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I have a question about quasi-likelihood. I think the following formula says something opposite to what likelihood means. Could someone clarify what I'm misunderstanding.

I'm looking at the formula in the page of variance function in Wikipedia . enter image description here

I think this formula says, when the $\mu_i$ and $y_i$ are closer, $Q_i$ becomes smaller. The reason I think like this is that the range of integral is defined by $\mu_i$ and $y_i$, and when they are closer, the range is narrower.

However, this formula represents a kind of likelihood, quasi-likelihood, so my intuition says that when the $\mu_i$ is closer to $y_i$ , quasi-likelihood should be larger, because this situation should be more likely. I'm comparing quasi-likelihood with usual likelihood (used in maximum likelihood). In maximum likelihoods situation, when the observed value and mean are closer, the likelihood is larger.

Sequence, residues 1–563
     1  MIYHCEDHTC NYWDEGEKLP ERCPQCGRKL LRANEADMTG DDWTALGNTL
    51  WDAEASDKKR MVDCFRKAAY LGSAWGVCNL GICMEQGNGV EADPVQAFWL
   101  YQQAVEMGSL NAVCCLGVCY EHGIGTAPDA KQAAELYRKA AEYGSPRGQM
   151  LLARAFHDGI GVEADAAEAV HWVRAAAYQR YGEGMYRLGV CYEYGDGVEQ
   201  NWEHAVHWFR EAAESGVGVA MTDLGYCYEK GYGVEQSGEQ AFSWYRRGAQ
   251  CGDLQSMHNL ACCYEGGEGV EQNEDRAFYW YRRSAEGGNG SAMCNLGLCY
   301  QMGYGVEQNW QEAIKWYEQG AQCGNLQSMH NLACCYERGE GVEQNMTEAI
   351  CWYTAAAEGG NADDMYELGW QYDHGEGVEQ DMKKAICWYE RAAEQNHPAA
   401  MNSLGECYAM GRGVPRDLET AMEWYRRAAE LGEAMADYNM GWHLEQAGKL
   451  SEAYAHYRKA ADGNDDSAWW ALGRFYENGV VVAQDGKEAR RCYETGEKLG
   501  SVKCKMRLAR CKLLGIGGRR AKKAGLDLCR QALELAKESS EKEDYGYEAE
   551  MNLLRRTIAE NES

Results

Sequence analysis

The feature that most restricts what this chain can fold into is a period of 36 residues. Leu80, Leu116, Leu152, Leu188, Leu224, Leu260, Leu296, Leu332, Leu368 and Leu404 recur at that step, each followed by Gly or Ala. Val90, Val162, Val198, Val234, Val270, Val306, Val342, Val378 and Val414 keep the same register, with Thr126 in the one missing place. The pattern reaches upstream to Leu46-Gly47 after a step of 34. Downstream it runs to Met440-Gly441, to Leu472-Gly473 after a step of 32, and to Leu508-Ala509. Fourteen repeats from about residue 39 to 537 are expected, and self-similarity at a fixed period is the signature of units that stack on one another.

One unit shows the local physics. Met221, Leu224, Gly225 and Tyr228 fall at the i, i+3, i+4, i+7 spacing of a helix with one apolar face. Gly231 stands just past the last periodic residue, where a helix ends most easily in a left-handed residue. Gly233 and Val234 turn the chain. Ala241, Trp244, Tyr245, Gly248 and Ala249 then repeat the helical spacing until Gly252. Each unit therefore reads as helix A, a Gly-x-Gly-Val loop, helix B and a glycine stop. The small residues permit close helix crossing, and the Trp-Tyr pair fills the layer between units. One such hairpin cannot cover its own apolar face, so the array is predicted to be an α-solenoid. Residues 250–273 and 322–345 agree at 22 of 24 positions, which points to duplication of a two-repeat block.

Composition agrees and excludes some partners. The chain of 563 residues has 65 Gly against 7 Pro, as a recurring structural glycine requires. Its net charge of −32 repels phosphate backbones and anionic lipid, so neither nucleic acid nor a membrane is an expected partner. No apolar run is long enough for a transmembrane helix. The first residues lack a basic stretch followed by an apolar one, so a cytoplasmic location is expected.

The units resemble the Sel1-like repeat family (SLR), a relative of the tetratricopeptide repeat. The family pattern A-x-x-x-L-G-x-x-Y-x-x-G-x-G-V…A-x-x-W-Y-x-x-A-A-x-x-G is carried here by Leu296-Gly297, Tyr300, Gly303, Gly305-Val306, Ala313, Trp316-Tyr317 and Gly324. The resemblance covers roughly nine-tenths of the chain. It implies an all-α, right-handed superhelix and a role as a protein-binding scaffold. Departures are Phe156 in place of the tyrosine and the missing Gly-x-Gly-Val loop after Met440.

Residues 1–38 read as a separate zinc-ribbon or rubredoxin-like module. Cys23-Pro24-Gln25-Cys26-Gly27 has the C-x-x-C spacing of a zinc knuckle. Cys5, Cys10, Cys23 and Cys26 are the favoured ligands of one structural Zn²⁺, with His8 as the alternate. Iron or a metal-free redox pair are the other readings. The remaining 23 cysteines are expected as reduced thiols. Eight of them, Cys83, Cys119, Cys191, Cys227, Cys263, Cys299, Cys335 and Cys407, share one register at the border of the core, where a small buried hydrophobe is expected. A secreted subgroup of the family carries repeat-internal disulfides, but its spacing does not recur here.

Could someone clarify the point I'm misunderstanding. Thank you!

P.S. I'm not a math guy and my approach is applied statistics. So easy math explanation is preferable!

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$Q_i$ indeed becomes smaller in absolute value when $\mu_i$ and $y_i$ get closer; but the quantity is negative, so it actually gets larger (less negative).

Consider two cases with respect to $\mu_i$ and $y_i$:

  1. $\mu_i\geq y_i$. Then $t$ goes from $y_i$ up to $\mu_i$, $t\geq y_i$, therefore $y_i-t\leq 0$ and you are integrating a negative (or at least non-positive) quantity.
  2. $\mu_i<y_i$. Then let's swap the integration limits: $$\int_{y_i}^{\mu_i}\frac{y_i-t}{\sigma^2V(t)}dt=\int_{\mu_i}^{y_i}\frac{t-y_i}{\sigma^2V(t)}dt.$$ Now $t<y_i$, $t-y_i<0$, and you are again integrating a negative quantity.

When integrating a negative function, the smaller you make the integration range, the larger value you get.

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